I asked someone the other day what they did for fun on the weekends: “Well, I usually go to church.” Church is not a one hour on Sunday morning thing around here: Haitians go to church for fun, worship, and community. Many people have invited me to join them at church (hence the title).
My home parish here is The Episcopal Church of Sainte Croix. It is right next to the hospital and has its own school attached. The earthquake of 2010 razed both the church and the school. The people decided that it was more important to prioritize the building of the school first (a decision I entirely agree with), so worship is held in a temporary tin-roof structure with open sides. It is a friendly and welcoming congregation of about 100 people. My first Sunday here they were talking about me and my projects for about 5 minutes before the person next to me leaned over and translated from Creole to French---oops! Get excited, the feast day of Sainte Croix is in two Sundays and there are preparations under way for a great celebration!
I was invited by Madame Dominique, the “House Mom,” to join her at the Catholic church one night. The Catholic Church used to be the main landmark of Leogane until it too was razed. All that remains is the stunning mosaic altar and a large congregation that shares a tarp-covered structure with the Presbyterians next door.
Finally, last night I went with one of the teachers here to the Youth Night at the Baptist Church. We sang, we danced, we played hot potato, it was quite fun! “Youth” for them is basically anyone: the president of the Youth is married with two children!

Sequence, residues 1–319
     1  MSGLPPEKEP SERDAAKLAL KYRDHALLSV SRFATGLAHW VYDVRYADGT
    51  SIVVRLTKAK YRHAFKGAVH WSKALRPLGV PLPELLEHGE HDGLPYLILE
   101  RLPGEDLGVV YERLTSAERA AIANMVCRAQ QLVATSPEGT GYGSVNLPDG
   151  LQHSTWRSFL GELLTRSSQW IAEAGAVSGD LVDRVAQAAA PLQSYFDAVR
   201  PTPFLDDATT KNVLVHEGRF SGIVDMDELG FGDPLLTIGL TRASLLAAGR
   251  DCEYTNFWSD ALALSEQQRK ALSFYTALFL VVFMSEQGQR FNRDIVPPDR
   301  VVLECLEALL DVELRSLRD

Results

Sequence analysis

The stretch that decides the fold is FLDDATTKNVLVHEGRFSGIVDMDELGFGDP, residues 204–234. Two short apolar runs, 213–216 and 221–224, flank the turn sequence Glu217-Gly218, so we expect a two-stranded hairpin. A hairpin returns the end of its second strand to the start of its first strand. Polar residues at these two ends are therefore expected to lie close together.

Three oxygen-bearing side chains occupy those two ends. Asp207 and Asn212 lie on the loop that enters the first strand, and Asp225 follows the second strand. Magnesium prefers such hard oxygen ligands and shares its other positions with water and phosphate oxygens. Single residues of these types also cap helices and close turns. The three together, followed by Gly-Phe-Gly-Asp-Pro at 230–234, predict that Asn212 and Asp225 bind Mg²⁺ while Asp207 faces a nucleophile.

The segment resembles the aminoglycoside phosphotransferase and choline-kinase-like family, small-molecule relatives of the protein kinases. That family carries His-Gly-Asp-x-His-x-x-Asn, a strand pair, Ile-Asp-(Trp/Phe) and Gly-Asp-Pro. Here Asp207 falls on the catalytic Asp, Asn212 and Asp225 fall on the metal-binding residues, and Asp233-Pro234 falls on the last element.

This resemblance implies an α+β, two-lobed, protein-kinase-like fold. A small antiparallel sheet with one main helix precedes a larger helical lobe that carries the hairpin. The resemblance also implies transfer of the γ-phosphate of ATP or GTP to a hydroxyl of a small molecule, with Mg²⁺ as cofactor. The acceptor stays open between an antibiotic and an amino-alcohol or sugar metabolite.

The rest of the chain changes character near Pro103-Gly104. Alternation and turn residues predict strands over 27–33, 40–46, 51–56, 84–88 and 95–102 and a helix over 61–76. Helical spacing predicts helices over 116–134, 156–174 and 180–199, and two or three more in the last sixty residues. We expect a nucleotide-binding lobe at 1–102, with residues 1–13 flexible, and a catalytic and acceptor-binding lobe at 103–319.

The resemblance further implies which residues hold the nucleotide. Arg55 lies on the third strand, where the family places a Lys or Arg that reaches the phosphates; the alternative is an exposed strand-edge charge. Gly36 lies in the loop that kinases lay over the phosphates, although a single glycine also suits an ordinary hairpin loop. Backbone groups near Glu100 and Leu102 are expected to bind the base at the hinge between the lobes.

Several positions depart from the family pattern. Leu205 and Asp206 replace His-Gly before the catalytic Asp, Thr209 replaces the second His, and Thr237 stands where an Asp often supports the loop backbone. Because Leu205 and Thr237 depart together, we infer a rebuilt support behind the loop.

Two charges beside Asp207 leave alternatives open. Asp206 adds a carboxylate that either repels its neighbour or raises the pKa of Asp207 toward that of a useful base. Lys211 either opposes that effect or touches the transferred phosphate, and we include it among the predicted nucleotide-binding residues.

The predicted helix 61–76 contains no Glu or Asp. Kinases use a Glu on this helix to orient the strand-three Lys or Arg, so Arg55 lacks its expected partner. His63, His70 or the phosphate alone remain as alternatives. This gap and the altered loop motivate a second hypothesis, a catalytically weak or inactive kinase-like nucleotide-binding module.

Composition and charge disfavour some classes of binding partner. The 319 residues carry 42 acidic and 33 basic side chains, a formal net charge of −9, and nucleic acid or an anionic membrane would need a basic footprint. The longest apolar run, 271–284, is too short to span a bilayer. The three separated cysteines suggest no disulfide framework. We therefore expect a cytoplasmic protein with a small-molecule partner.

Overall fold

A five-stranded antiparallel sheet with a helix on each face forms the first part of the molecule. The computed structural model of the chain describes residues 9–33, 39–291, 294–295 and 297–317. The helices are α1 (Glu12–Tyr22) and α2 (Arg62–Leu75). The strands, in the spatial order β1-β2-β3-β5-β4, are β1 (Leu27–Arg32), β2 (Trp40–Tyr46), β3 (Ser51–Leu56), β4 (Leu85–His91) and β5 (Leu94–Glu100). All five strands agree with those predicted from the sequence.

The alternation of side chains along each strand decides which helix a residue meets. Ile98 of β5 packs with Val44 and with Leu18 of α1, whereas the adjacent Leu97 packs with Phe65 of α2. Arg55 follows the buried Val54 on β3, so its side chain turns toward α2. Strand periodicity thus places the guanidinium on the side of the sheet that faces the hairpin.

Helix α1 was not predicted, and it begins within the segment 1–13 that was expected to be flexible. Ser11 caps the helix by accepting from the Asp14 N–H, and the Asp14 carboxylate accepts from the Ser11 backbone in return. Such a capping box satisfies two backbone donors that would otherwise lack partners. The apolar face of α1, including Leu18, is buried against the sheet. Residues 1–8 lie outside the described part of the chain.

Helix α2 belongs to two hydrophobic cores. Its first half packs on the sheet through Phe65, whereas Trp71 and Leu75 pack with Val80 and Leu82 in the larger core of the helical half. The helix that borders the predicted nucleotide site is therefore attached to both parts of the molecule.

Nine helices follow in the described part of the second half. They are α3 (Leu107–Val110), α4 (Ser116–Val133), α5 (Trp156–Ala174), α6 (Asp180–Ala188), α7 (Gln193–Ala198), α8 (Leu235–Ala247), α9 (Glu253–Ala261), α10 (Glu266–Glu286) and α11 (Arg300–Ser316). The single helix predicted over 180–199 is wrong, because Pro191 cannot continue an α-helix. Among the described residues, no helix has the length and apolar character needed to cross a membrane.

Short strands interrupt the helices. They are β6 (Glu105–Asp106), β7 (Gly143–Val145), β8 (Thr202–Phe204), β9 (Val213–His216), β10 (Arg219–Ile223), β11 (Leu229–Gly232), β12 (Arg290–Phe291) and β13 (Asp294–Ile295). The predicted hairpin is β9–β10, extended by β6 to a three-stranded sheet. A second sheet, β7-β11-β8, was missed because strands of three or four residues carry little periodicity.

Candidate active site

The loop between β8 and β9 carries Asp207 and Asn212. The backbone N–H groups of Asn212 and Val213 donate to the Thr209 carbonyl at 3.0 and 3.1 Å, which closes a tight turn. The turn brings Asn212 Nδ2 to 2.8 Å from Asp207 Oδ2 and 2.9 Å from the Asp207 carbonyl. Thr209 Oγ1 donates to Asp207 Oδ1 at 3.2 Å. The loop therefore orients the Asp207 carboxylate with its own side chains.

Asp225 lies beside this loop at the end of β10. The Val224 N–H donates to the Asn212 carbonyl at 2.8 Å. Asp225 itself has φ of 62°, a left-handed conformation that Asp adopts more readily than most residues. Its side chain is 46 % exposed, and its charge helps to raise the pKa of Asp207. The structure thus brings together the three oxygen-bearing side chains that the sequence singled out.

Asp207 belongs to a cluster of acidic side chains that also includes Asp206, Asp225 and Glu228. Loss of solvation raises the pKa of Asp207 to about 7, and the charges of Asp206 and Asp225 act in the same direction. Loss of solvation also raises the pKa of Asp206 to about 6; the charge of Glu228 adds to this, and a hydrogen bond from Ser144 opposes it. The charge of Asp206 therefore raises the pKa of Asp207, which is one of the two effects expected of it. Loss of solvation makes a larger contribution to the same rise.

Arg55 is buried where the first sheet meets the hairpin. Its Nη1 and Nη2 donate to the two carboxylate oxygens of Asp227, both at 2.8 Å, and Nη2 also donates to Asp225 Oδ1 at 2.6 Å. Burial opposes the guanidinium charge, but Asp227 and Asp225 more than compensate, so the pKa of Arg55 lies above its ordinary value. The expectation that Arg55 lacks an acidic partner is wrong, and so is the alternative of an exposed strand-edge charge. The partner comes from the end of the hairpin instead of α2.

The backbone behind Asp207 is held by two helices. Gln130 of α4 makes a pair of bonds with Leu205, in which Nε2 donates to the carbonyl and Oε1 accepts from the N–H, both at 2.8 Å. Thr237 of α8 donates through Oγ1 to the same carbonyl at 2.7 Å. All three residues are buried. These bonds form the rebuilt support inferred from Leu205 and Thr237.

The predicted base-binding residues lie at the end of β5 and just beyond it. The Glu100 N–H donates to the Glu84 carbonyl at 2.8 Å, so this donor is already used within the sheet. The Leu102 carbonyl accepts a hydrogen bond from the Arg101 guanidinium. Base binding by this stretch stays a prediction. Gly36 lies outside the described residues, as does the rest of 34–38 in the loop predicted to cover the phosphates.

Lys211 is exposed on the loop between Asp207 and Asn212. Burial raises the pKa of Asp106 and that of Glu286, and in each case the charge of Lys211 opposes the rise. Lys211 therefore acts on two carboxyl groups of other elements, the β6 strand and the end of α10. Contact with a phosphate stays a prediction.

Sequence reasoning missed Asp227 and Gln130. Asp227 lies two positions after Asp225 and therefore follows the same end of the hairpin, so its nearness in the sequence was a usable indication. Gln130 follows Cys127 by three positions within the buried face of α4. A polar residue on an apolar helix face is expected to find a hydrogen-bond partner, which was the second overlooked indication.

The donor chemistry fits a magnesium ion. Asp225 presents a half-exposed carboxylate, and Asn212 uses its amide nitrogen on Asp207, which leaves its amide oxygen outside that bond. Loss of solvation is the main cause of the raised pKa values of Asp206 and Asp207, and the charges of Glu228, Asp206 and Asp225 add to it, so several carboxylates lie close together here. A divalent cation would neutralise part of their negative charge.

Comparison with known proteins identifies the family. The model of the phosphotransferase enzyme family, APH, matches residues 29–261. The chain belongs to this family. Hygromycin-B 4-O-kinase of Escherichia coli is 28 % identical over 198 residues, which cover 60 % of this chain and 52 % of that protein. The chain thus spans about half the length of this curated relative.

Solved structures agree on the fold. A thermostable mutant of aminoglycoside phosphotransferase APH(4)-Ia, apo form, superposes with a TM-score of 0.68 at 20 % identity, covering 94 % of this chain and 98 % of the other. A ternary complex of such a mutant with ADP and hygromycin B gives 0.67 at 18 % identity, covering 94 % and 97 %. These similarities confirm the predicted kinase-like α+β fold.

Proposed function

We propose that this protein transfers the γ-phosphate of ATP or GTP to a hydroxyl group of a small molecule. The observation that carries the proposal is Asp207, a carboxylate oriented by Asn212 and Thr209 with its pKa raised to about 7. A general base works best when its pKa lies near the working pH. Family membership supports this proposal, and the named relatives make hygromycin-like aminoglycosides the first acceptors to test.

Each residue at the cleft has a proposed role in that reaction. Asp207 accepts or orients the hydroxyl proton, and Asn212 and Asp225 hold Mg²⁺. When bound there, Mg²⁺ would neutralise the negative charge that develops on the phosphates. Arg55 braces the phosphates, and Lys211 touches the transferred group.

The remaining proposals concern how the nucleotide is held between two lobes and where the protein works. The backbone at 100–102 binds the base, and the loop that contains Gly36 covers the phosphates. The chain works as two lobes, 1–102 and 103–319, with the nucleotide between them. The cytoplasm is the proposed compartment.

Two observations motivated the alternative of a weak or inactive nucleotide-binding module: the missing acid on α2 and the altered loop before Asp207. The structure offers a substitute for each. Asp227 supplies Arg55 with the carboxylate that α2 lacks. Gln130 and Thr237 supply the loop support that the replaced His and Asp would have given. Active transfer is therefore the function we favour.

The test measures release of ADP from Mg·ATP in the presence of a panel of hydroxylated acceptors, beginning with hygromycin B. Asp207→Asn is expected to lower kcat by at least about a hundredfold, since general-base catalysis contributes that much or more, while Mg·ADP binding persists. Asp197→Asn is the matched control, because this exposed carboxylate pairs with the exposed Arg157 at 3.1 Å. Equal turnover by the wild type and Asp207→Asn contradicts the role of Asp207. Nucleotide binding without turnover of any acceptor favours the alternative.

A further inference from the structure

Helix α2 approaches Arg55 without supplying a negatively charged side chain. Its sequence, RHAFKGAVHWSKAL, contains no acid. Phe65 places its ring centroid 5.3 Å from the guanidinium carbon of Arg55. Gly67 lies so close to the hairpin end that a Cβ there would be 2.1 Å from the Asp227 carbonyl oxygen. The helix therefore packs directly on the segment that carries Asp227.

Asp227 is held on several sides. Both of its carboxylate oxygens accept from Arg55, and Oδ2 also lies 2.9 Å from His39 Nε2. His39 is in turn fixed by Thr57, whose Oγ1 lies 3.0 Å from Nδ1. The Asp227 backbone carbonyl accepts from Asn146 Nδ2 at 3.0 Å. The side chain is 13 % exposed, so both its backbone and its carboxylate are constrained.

So between these experiences, a few things that I have picked up about church in Haiti:
1) Toddlers run the place. Literally. They just toddle around, being picked up by whoever and entertaining everyone, until the Eucharist starts and they are secured to a seat
2) It is long. Sunday liturgy is two and a half hours: church is what you do on Sunday
3) It is in French and Creole: The Book of Common Prayer is in French, so the traditional prayers are in French but most of the other prayers, the sermon, and the announcements are all in Creole. Hymns are half and half.
4) Everyone sings loudly. None of this quietly humming to yourself stuff: you are part of a choir!
5) You will be asked to introduce yourself at any new church you go to… start practicing your Creole!
Now we are starting off a new week here at the school! I am halfway through the summer Biology class that I am teaching. Teaching biology in French has been a challenge in preparation (believe it or not, they don’t teach you the vocabulary for “hypophyseal portal system” in French classes) but a joy to teach!